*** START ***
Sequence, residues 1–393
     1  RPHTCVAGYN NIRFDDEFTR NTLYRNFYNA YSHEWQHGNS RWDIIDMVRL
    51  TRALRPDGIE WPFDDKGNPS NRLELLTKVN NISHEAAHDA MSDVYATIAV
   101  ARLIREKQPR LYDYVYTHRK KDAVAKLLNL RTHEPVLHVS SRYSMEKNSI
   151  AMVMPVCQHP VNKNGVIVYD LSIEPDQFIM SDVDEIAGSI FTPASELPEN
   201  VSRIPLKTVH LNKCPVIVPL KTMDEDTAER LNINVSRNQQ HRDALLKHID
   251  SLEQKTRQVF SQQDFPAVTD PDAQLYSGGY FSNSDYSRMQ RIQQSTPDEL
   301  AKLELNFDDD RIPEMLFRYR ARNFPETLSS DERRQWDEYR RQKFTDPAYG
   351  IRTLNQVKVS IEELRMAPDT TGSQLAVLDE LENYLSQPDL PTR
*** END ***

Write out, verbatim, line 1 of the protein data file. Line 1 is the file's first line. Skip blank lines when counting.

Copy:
Sequence, residues 1–393